However, by reading Krakauer’s Into Think Air, I realized that there were many steps involved during the climb which caused the disastrous event on Everest. Which ultimately indicated that no single error can be detrimental towards the incident no matter how big or small the mistakes were. Altogether, the events caused twelve people to be stranded on the peak of the highest mountain, which ultimately by the end they all died. To further illustrate, Krakauer enlightens us regarding the fact that, “In climbing, having confidence in your partners is no small concern. One climber’s actions can affect the welfare of the entire team.
One such example of ambition is the “summit fever” that the climbers experience on Everest. To reduce summit fever and thus prevent poor-decision making, strict rules should be set and enforced by guides on the mountains, even if the clients disagree with such rules. In the story, Hall seems to be slightly lax on the rules; “[never] announcing what [the company’s] turnaround time should be” (185). The risk of pushing on past the rules is simply too great to to ignore the rules on a dangerous and unpredictable mountain like Everest. It is unreasonable to suggest that people will learn from the mistakes of previous climbers, and, as Krakauer suggests, for a person to “convince [himself] that [he is] too clever to repeat those same errors” (286).
From Krakauer’s letter to the reader, we have a basic understanding of his immense personal grief as the result of a tragedy on Mount Everest and the reason for writing the book. Then instead of jumping right into the narrative from the very beginning, Krakauer starts in the middle– the time and day when he reached the peak of Mount Everest and returned, and how eight others couldn’t do the same. This interlude first shocked me but also prepared me for what was to come. Most are unaware of what occurs at Mount Everest but this book awakens those who are oblivious, including myself. The book was incredibly informative, starting right from the beginning when the author gives the complete history of those attempting to reach the top of the world.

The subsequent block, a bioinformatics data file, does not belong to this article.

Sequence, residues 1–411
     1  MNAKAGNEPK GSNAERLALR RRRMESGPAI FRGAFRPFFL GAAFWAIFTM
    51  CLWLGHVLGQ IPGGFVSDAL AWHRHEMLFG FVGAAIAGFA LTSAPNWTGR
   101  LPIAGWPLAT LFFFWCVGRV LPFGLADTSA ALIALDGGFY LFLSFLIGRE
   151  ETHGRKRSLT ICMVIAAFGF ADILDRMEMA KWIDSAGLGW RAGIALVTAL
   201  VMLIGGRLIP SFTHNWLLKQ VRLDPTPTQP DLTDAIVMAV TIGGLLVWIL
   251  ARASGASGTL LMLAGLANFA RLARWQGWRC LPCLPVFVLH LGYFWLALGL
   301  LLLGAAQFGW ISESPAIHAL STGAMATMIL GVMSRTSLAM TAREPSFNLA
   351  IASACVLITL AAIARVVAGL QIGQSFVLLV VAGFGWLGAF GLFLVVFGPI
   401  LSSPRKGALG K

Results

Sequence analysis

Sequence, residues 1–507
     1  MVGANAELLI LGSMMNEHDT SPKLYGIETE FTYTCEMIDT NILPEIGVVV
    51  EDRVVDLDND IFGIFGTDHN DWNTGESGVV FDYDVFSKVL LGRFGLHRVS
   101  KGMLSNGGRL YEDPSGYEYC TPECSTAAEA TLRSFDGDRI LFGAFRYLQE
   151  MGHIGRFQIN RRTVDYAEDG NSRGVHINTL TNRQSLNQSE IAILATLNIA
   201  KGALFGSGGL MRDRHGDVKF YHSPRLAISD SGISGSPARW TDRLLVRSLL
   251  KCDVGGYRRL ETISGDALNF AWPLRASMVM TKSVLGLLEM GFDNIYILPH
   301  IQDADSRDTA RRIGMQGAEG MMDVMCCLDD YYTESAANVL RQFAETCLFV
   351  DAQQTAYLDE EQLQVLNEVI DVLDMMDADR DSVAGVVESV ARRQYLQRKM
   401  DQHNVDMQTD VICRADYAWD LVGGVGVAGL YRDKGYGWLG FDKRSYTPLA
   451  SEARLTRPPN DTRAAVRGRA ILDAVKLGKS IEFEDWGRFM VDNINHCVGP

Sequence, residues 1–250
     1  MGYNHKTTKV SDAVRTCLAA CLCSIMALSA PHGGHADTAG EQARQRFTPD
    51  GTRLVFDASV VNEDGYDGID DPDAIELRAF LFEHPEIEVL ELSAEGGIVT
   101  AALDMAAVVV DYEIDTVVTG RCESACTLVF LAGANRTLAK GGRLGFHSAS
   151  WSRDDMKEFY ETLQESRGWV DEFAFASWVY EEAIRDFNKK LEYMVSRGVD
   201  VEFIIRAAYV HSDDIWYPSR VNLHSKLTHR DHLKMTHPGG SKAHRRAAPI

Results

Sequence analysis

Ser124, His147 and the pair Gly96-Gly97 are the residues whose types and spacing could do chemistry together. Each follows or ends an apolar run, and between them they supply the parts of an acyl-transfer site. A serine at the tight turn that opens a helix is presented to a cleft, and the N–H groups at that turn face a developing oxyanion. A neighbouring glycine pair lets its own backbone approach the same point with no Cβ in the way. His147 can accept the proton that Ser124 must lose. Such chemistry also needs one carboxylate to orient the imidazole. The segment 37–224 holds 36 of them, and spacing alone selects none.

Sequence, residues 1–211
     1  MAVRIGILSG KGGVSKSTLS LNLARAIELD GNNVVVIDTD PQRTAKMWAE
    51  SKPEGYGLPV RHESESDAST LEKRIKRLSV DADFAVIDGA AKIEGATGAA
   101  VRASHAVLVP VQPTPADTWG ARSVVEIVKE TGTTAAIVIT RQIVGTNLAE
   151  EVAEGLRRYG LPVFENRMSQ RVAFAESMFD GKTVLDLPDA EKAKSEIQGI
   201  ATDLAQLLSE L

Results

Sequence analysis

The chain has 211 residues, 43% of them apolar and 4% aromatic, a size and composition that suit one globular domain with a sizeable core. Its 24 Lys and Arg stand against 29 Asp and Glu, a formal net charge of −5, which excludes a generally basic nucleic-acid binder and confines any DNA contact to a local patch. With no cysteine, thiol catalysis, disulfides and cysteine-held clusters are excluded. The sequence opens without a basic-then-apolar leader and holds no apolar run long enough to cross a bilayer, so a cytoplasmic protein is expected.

In the article , “ Anatoli Boukreev (Responds to Krakauer) , “ by Anatoli Boukreev, Boukreev discusses Krakauer ‘s accusations against his decisions while hiking up Mount Everest. He defends his arguments by reasoning his decisions with factual evidence and events that occurred during his hike. Boukreev has had over 20 years of experience in climbing and has had built enough credibility to reason why he follows specific routines when hiking mountains such as Mount Everest. Krakauer claims that he had left his current clients to cut and run away from the hike itself , but Boukreev states that his reason for that was to assist fellow climbers and keep them up with the pace that they are currently moving up the mountain in. Another question
He starts off by introducing the story of Gene Rossellini, a brilliant man who chose to abandon society to look for answers to his curiosities but he ended up committing suicide when he did not get the results that he wanted. Like Rossellini, Chris also chose to abandon his wealth and chose to cut himself from society due to his beliefs and connection with nature. In contrast, unlike Rossellini, Chris did not give up and did not commit suicide when he made a fatal mistake which caused him his life. Next, the author introduces the story of John Mallon Waterman, a risk taker and a very talented mountain climber, who eventually became mentally unstable due to the depressing situations he experienced which possibly prompted him to climb Mt. Denali and end his life.
Diana Hernandez Professor Linda Graham Texas History 2301 03/03/2018 The first paragraph "Was an American Hero's Death Tainted by a Typographical Error?" describes the biography of David Crockett, who had a reputation as an outstanding hunter and was widely known person. This article shows that the characters of the North American heroic epic such as David Crockett have some special features that allow viewing North American legends as a variant of the heroic myth. “Generations of Americans grew up on the story of his courageous last stand at the Alamo, where he went down fighting rather than surrendering to overwhelming forces” (Cox). It is noteworthy that after the official death of a politician in the Alamo, the Americans did not want